October 24, 2019
The Bavarian town of Bamberg is home to nine breweries — and no shortage of brewing legends. For instance, there’s the story of Bamberg’s famous smoke beer, supposedly invented when smoke from a brewery fire blew through a pile of malt. Brewers were able to take that accident and spin smoke into liquid gold, but these days they’re using an even cooler technology: 3D printing. One of the town’s venerable brewing equipment makers, Kaspar Schulz, has joined forces with GE to bring the power of advanced manufacturing to beer brewing. The introduction of a sleek new 3D-printed part allows brewers to cut hours of time off an early stage in the process, ultimately boosting their yield. To put it plainly: less time, more beer.
Technology on tap: The 3D-printed part comes in handy in the lautering and sparging process — which takes place before fermentation, when beer makers separate spent grain from wort, the sugary-protein rich water that later ferments into beer, in vast stainless-steel vessels called lauter tuns. Kaspar Schulz was already wondering if there was a way to hasten the process by improving the blades that churn up the grain at the bottom of the tun. GE’s Munich team thought they could go even better, designing a new 3D-printed blade that can “dynamically loosen” the spent grain — sort of like swirling tea leaves in a cup for better steeping. It was a true meeting of the minds. Kaspar Schulz was able to tap into three centuries of experience as an equipment manufacturer, while the GE team was inspired by a different field altogether: Their blade design leaned on knowledge and expertise from the aerospace industry.
Learn more here about how German beer is brewed — and how 3D printing can help.
When Bill Lear introduced the first business planes in the 1960s, flying economy on a commercial jet was still a special occasion for most travelers. But with the Learjet 23, powered by a pair of GE engines, the storied plane maker sensed another market, one that could provide speed and convenience to busy executives, for instance. And to the rich and famous: One of the first buyers, Frank Sinatra, used his plane to shuttle his Rat Pack friends between Los Angeles and Las Vegas. Learjet is now part of Bombardier, which itself was in Las Vegas this week for the annual NBAA Business Aviation Convention & Exhibition. Visitors there talked up the company’s industry-leading Global 7500, a next-gen business jet listed at a cool $72.8 million. Like its Learjet forerunner, the Global 7500’s pair of engines rely on the power of GE innovation.
It was a very good year: Called the Passport engine, the GE machine is “the most sophisticated engine ever created for business jets,” according to Bombardier’s Jean-Christophe Gallagher — it’s GE’s largest engine for business jets. It uses technologies from commercial jet engines, 3D printing, as well as the latest wonder materials like ceramic matrix composites for improved fuel efficiency and lower noise and emissions. Though it’s been in service less than a year, the Passport-powered Global 7500 has already set a number of records, including a 8,225-nautical-mile flight from Sydney, Australia, to Detroit on a single tank of fuel. This week in Vegas, then, GE and Bombardier are continuing a long-term partnership worth toasting.
Learn more here about the advanced Passport engine taking the business aviation industry to new heights.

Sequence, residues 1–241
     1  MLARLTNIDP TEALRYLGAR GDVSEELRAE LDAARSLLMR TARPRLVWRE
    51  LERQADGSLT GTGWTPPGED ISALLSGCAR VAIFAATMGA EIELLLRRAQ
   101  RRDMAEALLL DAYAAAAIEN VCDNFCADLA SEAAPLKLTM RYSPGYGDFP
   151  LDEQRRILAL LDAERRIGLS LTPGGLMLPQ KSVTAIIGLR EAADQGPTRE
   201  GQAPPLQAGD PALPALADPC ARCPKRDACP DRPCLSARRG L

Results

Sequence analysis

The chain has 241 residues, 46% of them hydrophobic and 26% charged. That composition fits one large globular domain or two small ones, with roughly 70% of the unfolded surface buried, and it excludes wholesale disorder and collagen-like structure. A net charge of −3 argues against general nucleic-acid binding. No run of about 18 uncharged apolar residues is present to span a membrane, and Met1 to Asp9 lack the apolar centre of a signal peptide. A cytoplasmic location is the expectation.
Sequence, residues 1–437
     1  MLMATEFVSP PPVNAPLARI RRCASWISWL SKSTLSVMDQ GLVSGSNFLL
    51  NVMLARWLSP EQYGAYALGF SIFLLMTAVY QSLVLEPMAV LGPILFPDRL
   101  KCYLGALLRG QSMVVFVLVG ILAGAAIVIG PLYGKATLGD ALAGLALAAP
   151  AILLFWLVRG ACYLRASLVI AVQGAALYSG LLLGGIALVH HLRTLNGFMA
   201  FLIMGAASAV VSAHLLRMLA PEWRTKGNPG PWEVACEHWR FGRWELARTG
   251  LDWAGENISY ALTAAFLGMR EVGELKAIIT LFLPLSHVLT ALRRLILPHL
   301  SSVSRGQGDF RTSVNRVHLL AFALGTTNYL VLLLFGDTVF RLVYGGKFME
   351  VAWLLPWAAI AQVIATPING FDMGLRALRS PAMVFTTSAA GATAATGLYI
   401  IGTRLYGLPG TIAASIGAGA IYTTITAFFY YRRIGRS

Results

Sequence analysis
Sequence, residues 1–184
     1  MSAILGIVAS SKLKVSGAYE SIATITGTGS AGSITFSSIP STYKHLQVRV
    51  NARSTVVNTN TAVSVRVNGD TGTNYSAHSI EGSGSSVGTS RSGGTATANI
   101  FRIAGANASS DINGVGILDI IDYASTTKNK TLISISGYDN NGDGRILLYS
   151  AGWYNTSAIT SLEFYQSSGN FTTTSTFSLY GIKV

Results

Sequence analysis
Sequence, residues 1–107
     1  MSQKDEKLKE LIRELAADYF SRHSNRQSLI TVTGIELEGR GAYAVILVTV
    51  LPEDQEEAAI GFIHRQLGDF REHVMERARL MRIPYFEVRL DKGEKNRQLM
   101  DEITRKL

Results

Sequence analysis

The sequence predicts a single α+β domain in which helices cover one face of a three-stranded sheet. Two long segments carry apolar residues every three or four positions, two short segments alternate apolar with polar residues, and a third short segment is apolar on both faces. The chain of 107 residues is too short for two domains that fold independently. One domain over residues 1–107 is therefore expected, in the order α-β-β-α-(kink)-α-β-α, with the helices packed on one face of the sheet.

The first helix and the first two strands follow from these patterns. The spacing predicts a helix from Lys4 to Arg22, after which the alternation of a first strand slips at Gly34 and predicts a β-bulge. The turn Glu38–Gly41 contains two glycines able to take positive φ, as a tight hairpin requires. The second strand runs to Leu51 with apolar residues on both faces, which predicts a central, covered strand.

The renewables juggernaut shows no signs of slowing. The latest indication? A report out this week from the International Energy Agency. “Renewables 2019,” a market analysis and five-year forecast, takes a particular look at the global solar photovoltaic market, which it characterizes as set for “spectacular growth” as solar panels find homes on more — well — homes, and on businesses and factories. That’s part of a larger renewables picture that also includes sources like hydropower and wind. Global offshore wind capacity, for instance, could triple by 2024, driven by activity in the U.S., China and the European Union — where GE has just signed on to provide its powerful Haliade-X turbine platform to the world’s largest offshore wind project.
Power move: The IEA projects that the world’s total renewable-based capacity will grow by 50% by 2024. That’s an increase of 1,200 gigawatts — equivalent to the U.S.’s total current power capacity. With all that, though, the market should be growing faster still, said executive director Fatih Birol: “Renewables are already the world’s second largest source of electricity, but their deployment still needs to accelerate if we are to achieve long-term climate, air quality and energy access goals.” One technology that will come in handy as the world transitions to clean energy is GE’s class of highly efficient HA turbines — which can deftly pick up the slack when wind and solar generation wanes. The IEA reported in June that “demand for natural gas grew 4.6% in 2018, its fastest annual pace since 2010,” and that it is “expected to rise by more than 10% over the next five years, reaching more than 4.3 trillion cubic meters…in 2024.” Power generation will remain an important market.
— VIDEO OF THE WEEK —
Ørsted U.S. is building two offshore wind farms in American waters using GE Renewable Energy’s Haliade-X 12 MW, the world’s most powerful wind turbine.
— QUOTE OF THE DAY —
“Brewers can double the amount of brews in one day. This was just not possible with normal parts.”
— Jörg Binkert, head of research and development at Kaspar Schulz
Quote: GE Reports. Image: Getty Images.
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